This – incredibly – is only one of the blog posts I currently have on the boil that touches on the Church of Jesus Christ and the Latter Day Saints, though this one is – I think – merely a coincidence.
Like nearly the entire western world I’ve been thinking about fake news and the negotiation of constructed realities as performed online, and like maybe 40-50 smelly edtech hippies I’ve been wondering how to apply what I learned from #ds106 to this now rather pressing problem.
But then – via Cogdog-style happenstance – and prompted partially by the man-dog himself’s recent and intriguing post on a “Networked Narratives” course he is running with Mia Zamora for no other reason than it needs to be done (I hope to be there) – I got into a bad-old-days-of-blogging nostalgia-fest and in looking up whether anyone had re-invented Google Reader yet. I’m on inoreader at the moment, since you ask.
Whilst meandering, I stumbled across the term “bloggernacle” – which, well, I’d use anything called “bloggernacle” and I think I speak for us all in saying that. Turns out that there is a huge Mormon blogging scene. Open education folks will know that that LDS (Latter Day Saints, which I understand is the more accurate way to describe people of that faith) and OER are intertwined in various wonderful ways, so I was mildy interested to see whether online activities of the two shared a common source. Instead I found a link to something altogether more #ds106-ian.
In mid-2005 several prominent LDS bloggers put together a group blog (called “Banner of Heaven”) based around a bunch of invented characters. The idea was primarily to “to explore the potential of blogging as a story-telling form”, with subsidiary goals of reflecting back what they perceived as the primary concerns of LDS blogging at the time. This link is to what you might call the learning objectives of the exercise – read it. (most of this post comes from a 2010 “behind the music” style retrospective by one of the original authors on By Common Consent. It was only at this point that the original text was made public.)
They came up with six characters:
- SeptimusH – a shy inactive former missionary, who all too often ends up dealing with dead cows.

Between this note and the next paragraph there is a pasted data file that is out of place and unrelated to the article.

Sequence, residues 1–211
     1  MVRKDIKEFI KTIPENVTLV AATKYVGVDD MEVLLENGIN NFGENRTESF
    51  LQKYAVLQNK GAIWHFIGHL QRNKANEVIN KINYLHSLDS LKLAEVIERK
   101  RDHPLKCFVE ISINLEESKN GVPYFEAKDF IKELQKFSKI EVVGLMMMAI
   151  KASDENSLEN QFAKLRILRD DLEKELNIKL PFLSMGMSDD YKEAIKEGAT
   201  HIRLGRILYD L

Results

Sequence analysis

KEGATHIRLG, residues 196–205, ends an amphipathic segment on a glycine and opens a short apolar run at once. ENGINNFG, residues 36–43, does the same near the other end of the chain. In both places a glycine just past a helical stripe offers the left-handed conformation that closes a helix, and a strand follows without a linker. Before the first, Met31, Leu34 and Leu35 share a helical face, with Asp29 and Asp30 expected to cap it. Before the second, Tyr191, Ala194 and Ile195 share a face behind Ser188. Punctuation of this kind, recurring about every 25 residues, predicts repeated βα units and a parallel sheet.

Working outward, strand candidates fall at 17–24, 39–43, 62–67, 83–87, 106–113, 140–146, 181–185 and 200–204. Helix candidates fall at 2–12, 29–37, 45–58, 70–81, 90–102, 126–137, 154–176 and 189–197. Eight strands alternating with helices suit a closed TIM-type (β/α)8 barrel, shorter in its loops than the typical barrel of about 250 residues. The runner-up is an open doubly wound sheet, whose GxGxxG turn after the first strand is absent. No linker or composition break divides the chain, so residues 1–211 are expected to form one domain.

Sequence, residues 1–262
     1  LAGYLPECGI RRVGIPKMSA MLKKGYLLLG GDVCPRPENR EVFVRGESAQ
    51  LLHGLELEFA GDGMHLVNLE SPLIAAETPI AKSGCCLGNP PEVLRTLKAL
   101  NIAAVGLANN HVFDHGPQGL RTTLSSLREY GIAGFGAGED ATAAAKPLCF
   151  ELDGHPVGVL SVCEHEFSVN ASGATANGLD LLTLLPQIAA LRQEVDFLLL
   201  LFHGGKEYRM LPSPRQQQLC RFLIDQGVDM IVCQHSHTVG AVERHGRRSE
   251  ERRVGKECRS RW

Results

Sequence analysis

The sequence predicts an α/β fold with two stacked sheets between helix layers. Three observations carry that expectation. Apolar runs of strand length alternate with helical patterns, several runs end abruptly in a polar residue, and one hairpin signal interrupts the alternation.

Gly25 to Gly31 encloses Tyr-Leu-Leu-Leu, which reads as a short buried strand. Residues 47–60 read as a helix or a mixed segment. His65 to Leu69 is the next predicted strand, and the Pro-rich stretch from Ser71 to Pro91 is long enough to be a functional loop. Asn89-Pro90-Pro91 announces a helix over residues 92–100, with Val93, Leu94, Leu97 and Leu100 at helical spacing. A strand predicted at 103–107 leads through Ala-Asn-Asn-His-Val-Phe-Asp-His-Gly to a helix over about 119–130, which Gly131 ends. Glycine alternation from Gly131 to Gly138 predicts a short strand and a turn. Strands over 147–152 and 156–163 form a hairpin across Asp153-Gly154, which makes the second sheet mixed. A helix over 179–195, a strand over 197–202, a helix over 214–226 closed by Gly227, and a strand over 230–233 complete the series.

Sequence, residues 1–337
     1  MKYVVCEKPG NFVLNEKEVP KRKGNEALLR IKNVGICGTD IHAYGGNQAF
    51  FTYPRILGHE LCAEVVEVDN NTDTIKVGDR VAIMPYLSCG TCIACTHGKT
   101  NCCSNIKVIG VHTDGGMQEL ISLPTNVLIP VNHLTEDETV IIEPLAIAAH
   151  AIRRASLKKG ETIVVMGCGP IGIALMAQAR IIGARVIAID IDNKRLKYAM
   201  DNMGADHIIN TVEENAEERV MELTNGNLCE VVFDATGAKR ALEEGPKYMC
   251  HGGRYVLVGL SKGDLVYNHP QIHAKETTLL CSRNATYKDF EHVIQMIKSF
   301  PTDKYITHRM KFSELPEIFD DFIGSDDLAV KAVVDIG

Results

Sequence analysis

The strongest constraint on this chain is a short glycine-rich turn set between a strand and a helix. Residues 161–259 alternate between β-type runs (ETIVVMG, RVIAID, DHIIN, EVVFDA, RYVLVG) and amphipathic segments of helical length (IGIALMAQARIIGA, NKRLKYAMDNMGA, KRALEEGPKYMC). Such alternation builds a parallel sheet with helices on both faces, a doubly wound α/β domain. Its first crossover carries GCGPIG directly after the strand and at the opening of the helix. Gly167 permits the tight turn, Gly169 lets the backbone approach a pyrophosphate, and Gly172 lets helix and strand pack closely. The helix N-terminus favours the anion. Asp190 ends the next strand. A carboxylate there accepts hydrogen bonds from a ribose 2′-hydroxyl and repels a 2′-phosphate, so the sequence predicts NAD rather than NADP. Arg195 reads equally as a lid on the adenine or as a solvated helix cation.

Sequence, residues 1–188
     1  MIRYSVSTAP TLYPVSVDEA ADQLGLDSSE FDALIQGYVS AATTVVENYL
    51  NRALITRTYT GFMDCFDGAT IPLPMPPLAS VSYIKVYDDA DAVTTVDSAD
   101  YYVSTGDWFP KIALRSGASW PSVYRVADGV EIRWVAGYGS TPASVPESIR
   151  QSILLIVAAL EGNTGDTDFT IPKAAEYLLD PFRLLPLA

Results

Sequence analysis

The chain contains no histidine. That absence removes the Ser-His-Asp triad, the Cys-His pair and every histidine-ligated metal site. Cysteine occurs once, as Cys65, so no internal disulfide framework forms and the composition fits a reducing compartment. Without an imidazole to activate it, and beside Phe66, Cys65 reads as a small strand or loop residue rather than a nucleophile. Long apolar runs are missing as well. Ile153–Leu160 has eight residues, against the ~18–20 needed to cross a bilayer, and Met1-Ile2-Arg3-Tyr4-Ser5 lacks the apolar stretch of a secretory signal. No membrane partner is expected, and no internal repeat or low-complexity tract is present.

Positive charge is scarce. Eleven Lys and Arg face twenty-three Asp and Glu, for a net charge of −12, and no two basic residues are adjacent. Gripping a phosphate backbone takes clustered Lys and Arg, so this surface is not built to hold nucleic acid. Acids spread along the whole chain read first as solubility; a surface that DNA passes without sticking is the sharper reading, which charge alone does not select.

- MirandaPJ – a feminist from Lewiston, Idaho, who confiscated her husband’s xbox.
- JennMailer – a perky but insecure young woman with very traditional views.
- Mari Collier – Miranda’s sister, kind and faithful, but with a troubled past.
- Aaron B Cox – representing the more combative end of blogging and the more… unique… expression of scriptural fundamentalism
- Greg Fox – a non-church member who loved to hang out with the others, but was often disappointed with what he found.
These were both (semi-) realistic positions current in the LDS online milleau at the time, and astutely drawn comic characters in their own right. I’m sure coming from my position 10 years or more on I’m missing a lot of the subtlety – and would never be able to spot the point where the stereotypes were amped up to the point of lunacy and people began to spot that something wasn’t right.
Yes – the group blog was not explicitly presented as “fake” – people believed that the characters were real, and began both to worry about the situations described, alternately empathizing and judging, and to share their own stories in response.
From an educational point of view, this is great stuff. But for an online community in the first flushes of blog enthusiasm, perhaps not so much. Another LDS blog, Nine Moons, did the inevitable expose and the initial comments, from the hip young things the joke was aimed at, are fairly good natured. But by the time they began the “guess the famous blogger” competition things start turning a little more sour, and those outside of the community began to take a view. (Church and Federal) Legal issues were brought up. Senses of a community were lost. Hands – indeed – were wrung. Pearls were clutched.
But reading the comments to some of these posts, ten years on, is uncomfortable. There is a genuine sense of betrayal. People that were accepted as friends are no longer “real”. Ideas of what constituted a part of the lived experience of peers needed to be rexamined.
It’s not hyperbole to say that this “experiment” had a long and lasting effect on the community that was forming around it and other writers.
One of the co-authors, writing a year later, notes:
Here is the interesting part: no one really remembers much about Banner itself; instead, what everyone recalls is the outrage. Either you remember the deceit, or you remember the pound of flesh publicly exacted from the Bannerites. Few of us recall reading Banner or the ideas laid out by the characters. Bannergate has sucked the work dry.
The power of the reaction, the brutality of the analysis, destroying the meaning of the original text.
All of us have the urge to create a new reality online – either explicitly in coming up with something like the saga of Dr Oblivion, or in the work of Helen Keegan; or implicitly, in presenting a version of ourselves that is just plain nicer/funnier/smarter/more interesting than the decaying sack of bones, flesh and Doobie Brothers lyrics that exists in three-dimensional reality.
And when you do create a reality, do you pull away the mask and risk confusion and alienation. Or run the risk of keeping the story going, ending with some of the horror we have seen emerging from known falsehoods in 2016 (this week’s shitshow: pizzagate).
Pizzagate brought home to me that the fake news scare is just digital storytelling gone awry – and gives me the hope that I know some people that may have a handle on what to do next.
Teaching digital storytelling is probably one of the most important things anyone can be doing right now… and for my part (without a role of my own) I want to volunteer to help out those of you who are taking this to the streets.